Getting back onboard, we saw the calm conditions were changing. There was now a breeze coming straight into the anchorage. Once I had a chance to verify we were not dragging anchor, I turned on the wind instruments and by the time they were up and running, we had 30 knots of wind and swells coming straight into the anchorage. I felt that it was something which would be uncomfortable but would pass quickly. But the wind continued to rise beyond 40 knots and the swells crashing into the anchorage were now becoming more dangerous, especially since we had a rocky shore less than 100 metres behind us. Thunder and Lightning were no all around us. I started the engines to take the weight off the anchor but quickly realised that would not be enough, we had to move the boat. Anne and Tom were happy to go forward to raise the anchor. I was confident they knew what they were doing, even in the dark in a howling wind. So I drove forward gently with Louise keeping an eye on the depth. As we inched forward, Anne got the anchor raised enough for Tom to lie down on the trapeze and unhook it from the snubber rope. Once that was done they combined well to gradually bring all the chain onboard. The worry at this stage was the tripping line, a rope attached to the head of the anchor with a fender on the end of it incase the anchor got snagged. There was the possibility that the rope could get fouled in a propellor, in which case the boat would be very difficult to control. Anyway, they were stars and got everything done exactly as we had practiced many times. The only casualty was the shackle from the snubber which got lost in the mayhem. By now, the waves were still big and we were crashing up and down violently but that eased a bit as we motored slowly further and further away from the beach toward the harbour.
We moved slowly to let ourselves get our thoughts together and make sure everyone and everything was ok on board. After getting navigation lights on to warn other boats (we still only had an anchor light set!) I decided that circling until the thunderstorm passed was not an option as the anchorage would be rolly and anchoring in the dark not a good idea. So we headed into the long harbour, moving slowly to allow crew to get fenders and mooring lines set. There are 3 marinas and as we approached one, well after midnight, 2 staff signalled that they were ready to take our lines so we could med moor. But with it still blowing 25 knots I decided that was a manoeuvre I was not happy to do in the dark. So we went further into the harbour linking for ideas. I then remembered seeing a space on the quayside near where we had eaten dinner. It was empty as we left the restaurant so I decided to head for it. It was a little tight but there were people around to help Anne and Tom get us safely moored with Louise supervising getting us tied up. By that stage we were safe, wet but glad to be moored up. We celebrated our epic with a glass of wine and cheese and ended up in bed around 2am.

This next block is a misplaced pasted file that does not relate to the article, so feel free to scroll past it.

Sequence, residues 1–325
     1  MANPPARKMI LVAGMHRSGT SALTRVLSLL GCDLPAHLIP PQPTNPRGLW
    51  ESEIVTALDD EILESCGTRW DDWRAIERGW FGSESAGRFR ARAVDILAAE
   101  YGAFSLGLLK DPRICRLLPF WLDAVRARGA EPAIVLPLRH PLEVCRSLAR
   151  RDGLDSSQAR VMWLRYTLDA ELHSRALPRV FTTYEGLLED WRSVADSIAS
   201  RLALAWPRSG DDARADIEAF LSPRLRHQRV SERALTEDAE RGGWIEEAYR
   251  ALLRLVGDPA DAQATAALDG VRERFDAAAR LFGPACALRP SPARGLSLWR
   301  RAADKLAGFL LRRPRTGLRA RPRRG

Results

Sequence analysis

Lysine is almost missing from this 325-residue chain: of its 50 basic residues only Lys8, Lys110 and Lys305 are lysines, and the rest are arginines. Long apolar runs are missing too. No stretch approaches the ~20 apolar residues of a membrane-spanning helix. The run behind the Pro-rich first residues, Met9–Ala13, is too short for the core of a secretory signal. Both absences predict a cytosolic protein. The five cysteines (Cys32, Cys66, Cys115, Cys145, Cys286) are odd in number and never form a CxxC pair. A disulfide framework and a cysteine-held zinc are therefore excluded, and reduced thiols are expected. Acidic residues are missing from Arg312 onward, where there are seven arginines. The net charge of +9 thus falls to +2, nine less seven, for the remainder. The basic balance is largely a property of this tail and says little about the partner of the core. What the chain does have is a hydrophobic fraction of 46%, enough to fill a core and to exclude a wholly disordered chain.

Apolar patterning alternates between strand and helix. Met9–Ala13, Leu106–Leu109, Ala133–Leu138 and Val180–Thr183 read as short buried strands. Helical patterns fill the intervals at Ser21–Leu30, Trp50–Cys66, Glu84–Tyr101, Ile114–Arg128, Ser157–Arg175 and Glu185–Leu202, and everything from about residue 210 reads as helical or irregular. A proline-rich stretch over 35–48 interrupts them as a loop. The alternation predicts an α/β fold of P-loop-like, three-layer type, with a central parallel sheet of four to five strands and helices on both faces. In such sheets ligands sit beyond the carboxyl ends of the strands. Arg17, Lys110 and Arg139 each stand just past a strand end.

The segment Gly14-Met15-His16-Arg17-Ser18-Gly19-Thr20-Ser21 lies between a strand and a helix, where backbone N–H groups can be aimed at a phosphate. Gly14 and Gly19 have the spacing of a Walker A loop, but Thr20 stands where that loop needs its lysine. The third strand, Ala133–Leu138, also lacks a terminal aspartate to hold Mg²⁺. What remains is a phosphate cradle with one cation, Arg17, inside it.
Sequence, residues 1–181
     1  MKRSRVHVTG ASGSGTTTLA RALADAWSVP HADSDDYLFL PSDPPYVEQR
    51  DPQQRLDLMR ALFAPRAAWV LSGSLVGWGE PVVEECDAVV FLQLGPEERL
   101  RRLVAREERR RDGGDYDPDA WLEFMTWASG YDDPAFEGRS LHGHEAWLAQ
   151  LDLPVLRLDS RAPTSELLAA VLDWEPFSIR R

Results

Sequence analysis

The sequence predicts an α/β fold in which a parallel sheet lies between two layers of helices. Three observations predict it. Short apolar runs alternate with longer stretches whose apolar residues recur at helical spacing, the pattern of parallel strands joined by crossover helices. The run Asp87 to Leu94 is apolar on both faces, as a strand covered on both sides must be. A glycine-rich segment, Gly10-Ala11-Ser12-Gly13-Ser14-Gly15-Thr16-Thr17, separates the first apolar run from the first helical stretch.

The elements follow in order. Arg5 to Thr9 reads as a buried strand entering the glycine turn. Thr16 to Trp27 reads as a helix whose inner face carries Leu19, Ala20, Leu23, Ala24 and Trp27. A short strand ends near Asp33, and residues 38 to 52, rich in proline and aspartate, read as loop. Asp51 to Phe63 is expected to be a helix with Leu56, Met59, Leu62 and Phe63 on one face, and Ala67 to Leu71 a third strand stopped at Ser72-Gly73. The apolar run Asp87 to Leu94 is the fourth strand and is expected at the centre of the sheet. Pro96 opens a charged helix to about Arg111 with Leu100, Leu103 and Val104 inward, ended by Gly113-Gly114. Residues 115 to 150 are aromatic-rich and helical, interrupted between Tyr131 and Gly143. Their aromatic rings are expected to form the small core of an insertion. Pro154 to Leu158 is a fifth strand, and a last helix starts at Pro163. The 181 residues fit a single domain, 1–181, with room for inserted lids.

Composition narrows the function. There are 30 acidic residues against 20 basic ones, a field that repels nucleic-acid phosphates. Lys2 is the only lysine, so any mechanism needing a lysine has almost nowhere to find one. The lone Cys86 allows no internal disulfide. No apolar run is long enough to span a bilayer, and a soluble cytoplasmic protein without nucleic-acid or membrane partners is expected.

In the morning, we had an early start as Tom and Louise had to leave for the 8am ferry. I was pretty tired, but the storm had completely passed and it was bright sunshine and no wind. We dropped them off and then headed north to go around to Splitska to hand the boat back to Rob. We started the cleaning as we went and dropped into Supetar along the way so that Joel could get an early ferry to head to Split for the day. I noticed at this stage that the Radar Dome had broken away from the mast so let Rob know he had a job to do when he arrived. By 12 noon that was repaired and Anne had finished the cleaning and packing. The boat was sorted and so we headed off to meet up with Andy and Maria for lunch. We were fairly shagged by the time we got back to the ferry to Split and the whole enormity of the learning experience we had gone through started to appear. We had just had a sailing experience so different from anything we had done before. But I feel that our previous experience on Suckin' Diesel came to the fore and made us cope well with the challenges.